Work on the business, not in the business –This is a very simple notion, to spend most of your time managing and less time doing. Your role is to create an ecosystem for your management team to operate within by defining the vision and setting objectives. Then, create the infrastructure necessary to measure the team’s performance in meeting these goals.
Lead by example – People in the company will follow you if they believe in your vision and your actions. It is as they say that actions speak louder than words. The process is simple; initially, people will award leaders a certain amount of “respect and trust credit” but as time progresses, there could be a drop in the original “trust” level. A leader must build up and maintain his or her “respect and trust credit” by their actions which will earn additional “trust credits”, just as a battery loses its charge overtime and requires recharging. Be mindful that as the battery discharges to lower levels, it may be more difficult, or highly unlikely, to reach full charge again.
Listen – A great leader will do less talking and more listening. After all, you have two ears and only one mouth for a reason. People have the basic need to feel that their voice is heard and as a result will be more engaged and vested in the company’s well-being.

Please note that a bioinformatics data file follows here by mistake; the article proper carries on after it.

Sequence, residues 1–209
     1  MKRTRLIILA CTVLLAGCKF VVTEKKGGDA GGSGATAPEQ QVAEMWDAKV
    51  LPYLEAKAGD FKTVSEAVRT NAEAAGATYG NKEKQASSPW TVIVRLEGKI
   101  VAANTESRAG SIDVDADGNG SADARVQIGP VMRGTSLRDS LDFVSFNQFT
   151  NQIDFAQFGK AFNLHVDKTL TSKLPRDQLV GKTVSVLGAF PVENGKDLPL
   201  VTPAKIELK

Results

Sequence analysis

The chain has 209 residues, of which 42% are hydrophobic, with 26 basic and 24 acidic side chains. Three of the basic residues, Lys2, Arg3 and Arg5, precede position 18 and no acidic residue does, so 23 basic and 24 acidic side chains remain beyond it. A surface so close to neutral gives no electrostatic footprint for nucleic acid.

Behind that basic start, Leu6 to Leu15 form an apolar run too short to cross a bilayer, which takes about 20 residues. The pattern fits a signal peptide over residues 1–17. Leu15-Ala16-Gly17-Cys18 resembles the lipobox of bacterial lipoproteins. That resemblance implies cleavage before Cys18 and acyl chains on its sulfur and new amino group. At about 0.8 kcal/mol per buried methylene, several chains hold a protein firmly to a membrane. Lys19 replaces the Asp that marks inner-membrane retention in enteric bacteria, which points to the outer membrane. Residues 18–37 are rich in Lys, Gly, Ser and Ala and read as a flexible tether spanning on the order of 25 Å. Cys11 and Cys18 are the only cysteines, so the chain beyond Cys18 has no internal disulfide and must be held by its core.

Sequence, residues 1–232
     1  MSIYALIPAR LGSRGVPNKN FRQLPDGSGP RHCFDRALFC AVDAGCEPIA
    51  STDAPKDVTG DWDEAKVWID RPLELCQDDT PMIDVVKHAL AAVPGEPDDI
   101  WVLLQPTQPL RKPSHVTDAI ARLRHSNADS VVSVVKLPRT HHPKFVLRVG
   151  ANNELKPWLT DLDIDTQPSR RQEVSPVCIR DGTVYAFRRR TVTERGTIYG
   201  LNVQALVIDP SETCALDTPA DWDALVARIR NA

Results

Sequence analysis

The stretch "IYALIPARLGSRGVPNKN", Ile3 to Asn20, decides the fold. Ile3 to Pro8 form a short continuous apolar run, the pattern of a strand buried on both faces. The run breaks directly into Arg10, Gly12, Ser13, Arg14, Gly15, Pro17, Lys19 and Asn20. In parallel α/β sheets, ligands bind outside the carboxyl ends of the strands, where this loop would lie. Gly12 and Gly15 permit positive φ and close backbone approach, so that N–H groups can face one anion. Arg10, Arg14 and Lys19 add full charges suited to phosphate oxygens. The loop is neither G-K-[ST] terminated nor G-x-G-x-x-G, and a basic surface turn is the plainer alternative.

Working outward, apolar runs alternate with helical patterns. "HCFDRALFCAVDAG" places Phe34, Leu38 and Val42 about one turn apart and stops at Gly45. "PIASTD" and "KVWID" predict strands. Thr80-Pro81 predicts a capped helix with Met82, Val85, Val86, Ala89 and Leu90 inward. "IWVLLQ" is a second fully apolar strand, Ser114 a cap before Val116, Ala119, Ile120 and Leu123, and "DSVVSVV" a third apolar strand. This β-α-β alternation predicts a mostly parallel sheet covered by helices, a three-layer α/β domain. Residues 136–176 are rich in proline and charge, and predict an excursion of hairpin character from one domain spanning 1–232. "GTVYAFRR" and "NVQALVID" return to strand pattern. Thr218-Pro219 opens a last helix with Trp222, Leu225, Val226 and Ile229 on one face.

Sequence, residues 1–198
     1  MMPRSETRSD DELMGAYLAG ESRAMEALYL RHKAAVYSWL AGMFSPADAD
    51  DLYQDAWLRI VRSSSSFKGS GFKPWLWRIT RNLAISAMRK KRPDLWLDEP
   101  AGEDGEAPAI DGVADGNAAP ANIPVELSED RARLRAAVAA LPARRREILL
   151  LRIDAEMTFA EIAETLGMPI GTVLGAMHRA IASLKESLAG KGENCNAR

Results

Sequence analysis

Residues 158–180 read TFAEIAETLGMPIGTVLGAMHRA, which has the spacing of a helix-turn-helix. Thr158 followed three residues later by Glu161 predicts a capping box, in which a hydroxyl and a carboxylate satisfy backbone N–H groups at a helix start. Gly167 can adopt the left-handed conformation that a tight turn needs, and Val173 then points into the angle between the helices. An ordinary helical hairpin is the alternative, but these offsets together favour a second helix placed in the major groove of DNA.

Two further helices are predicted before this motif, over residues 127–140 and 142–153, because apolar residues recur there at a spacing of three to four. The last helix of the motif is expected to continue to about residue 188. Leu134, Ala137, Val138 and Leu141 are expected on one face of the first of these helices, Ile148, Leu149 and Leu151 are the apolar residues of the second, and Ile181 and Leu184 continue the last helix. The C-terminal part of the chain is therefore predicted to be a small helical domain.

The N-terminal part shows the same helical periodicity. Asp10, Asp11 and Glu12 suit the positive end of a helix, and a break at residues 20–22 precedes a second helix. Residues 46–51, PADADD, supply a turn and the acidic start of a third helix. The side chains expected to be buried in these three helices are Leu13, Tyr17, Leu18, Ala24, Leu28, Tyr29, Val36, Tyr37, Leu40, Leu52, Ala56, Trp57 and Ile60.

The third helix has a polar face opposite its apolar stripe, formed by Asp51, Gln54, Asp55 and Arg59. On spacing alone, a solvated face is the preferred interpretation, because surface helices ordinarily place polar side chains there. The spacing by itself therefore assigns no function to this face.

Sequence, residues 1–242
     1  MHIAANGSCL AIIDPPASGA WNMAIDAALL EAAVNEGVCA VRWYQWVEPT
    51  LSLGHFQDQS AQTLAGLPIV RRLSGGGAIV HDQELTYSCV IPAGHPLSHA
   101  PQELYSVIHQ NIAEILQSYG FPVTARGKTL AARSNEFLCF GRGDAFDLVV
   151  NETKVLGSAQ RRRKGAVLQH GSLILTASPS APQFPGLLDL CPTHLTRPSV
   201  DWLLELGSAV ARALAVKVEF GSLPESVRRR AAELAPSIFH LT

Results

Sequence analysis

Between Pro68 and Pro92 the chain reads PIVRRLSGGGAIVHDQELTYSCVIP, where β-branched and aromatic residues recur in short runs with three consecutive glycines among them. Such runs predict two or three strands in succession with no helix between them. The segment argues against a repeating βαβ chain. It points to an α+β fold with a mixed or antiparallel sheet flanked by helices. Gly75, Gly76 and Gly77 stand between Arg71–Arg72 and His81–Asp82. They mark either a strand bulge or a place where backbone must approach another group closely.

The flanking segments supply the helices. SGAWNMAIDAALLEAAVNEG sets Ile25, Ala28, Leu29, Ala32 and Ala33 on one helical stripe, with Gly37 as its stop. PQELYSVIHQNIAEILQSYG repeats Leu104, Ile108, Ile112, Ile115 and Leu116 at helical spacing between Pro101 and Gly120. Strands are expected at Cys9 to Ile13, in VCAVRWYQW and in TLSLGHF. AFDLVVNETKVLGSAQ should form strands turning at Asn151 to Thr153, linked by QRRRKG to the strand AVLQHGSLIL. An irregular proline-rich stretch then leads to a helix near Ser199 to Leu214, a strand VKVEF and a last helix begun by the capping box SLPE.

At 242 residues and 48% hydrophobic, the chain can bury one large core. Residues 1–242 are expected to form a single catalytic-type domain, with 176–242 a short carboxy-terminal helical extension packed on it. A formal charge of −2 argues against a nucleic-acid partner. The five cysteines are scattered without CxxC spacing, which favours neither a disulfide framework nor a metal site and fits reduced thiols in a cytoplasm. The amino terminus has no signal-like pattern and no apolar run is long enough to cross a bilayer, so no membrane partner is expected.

Make decisions – The most basic function of a CEO is to make decisions. A CEO must conduct a proper evaluation and analysis of the actions of their team and company performance even when there is only partial data available before making final decisions. Please remember that “no decision” is a decision in itself.
Think strategically – Wayne Gretzky, arguably one of the most successful hockey players of all time, coined the phrase: “I skate to where the puck is going to be, not where it has been.” Companies have to continuously assess their market position by assembling available data from competitors, current and future product capabilities/performance and market trends. With this data, the team must create scenarios and plan ahead. Based on this strategic thinking the organization then has a guide for tactical execution based on the merit of the potential outcome.
Ultimately, the question is whether these attributes can be acquired, or are they inherent as part of the DNA of the individual. In other words, nature versus nurture. The good news is that most of the above traits can be acquired over time. Given sufficient and consistent practice, an individual can acquire these traits and evolve as a true leader.
Note: Above blog post was earlier posted on Eli Fathi’s blog.[/vc_text_element][/vc_column][/vc_row]